That Ray Kurzweil is a smart, creative, inventive and prolific person is beyond dispute. In addition, it cannot be said that he hasn’t made numerous accurate predictions, most with 10-year lead times, such as IBM’s Deep Blue computer beating world champion Gary Kasparov in chess, the growth of the Internet and emergence of flash memory drives. However, he goes way too far in his belief in “spiritual machines” and the advent of a technical singularity.
The spiritual machines argument is quite old (1999) and with little progress in that direction, it surprises me that his 2005 book The Singularity is Near still suggested that, as Wikipedia puts it, “the functionality of the human brain is quantifiable in terms of technology that we can build in the near future.” Why do I say there is little progress? Computers are faster and can perform more tasks than ever, but are still limited to what human programmers tell them to do. In addition, human consciousness is far from being understood today. Our brains are not machines that simply perform clever mathematical operations, developed by computer programmers.
All this somewhat dated information was brought back to me in an interview on Fox News recently. Kurzweil predicts that a computer will passing the Turing Test by 2019, and that by 2029 a computer-based machine would be recognized as having consciousness.
Why am I not a believer? Computers are terrific at mathematical operations. Many felt that computers would never beat a world champion at chess. But consider: chess can be described in strictly mathematical terms. Deep Blue did what computers do well, math, not human thought. As one person said upon hearing of the news of Deep Blue’s victory, “I’ll be impressed when a computer can write and understand poetry.” The best computers today, connected to a vision system cannot do what a six-month-old child can, recognize and follow its mother’s face in a crowd.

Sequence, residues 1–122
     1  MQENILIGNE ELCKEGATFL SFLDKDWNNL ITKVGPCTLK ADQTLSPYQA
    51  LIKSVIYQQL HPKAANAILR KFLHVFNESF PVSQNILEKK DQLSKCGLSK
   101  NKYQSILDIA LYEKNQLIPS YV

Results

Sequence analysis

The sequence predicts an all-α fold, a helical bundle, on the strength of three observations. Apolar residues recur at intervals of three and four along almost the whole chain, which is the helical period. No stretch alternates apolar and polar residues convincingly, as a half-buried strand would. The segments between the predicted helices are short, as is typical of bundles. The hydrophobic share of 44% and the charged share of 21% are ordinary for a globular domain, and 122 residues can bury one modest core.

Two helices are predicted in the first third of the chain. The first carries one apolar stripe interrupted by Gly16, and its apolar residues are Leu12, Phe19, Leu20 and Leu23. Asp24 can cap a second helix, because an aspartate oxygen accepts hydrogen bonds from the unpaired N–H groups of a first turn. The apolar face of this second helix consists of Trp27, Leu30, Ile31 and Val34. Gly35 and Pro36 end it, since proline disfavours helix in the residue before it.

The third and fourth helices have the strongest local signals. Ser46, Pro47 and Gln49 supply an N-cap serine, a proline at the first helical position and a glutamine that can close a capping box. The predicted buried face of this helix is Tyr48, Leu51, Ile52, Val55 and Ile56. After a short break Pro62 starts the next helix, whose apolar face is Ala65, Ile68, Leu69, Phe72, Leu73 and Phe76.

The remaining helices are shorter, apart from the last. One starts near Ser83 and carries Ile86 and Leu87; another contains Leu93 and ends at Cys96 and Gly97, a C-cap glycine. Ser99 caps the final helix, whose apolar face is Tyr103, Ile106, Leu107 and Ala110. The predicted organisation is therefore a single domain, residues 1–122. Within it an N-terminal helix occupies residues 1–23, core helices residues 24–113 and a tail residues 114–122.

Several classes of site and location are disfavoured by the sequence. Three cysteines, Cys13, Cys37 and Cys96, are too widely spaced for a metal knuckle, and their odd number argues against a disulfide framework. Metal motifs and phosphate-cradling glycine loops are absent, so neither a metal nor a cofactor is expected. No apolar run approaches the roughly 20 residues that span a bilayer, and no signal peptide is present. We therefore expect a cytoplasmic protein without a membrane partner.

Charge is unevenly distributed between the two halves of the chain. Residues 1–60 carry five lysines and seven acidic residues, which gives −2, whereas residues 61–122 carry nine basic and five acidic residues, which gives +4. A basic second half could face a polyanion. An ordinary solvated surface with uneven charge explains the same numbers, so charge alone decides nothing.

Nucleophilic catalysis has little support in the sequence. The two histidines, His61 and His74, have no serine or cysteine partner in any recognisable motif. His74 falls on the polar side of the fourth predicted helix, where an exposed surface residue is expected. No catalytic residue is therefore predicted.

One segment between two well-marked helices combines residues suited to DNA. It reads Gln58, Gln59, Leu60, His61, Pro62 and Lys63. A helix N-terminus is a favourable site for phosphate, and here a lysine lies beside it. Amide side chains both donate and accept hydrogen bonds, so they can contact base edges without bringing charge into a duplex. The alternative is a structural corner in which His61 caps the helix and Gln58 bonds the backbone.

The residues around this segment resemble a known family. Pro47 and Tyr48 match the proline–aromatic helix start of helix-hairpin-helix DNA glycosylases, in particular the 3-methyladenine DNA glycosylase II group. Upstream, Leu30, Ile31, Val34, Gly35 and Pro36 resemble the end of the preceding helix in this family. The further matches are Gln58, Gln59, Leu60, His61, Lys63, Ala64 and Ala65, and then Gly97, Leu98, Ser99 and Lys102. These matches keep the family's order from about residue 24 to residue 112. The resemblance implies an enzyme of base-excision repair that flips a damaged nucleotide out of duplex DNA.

All this reminds me of a book I read a few years ago by Robin Cook called Abduction. In this novel, the main characters, while exploring the sea, happen upon an opening to Interterra, a society of humans living under the earth’s crust. Their society is so advanced that when their bodies wear out, a new test tube baby is selected as a replacement. Their memories are downloaded to the babies and hence the babies become them. Their old body is destroyed and they live another life through the baby. Many of Kurzweil’s farout ideas are similar to this type of human/technological immortality.
I can’t be the only person who believes there is something uniquely me and uniquely you, uniquely human, that goes beyond our memories and can’t be downloaded from our bodies.
Interesting stuff. Why am I discussing this? We will be the ones assembling the electronics for Kurzweil’s machines. It will be interesting to watch.
My son and I were just discussing these kind of thoughts the other day, after I read that there are renewed warnings that we should be wary of the potential for a “Terminator” style takeover by increasingly “aware” military bots.
I couldn’t agree with your comments more. Very interesting.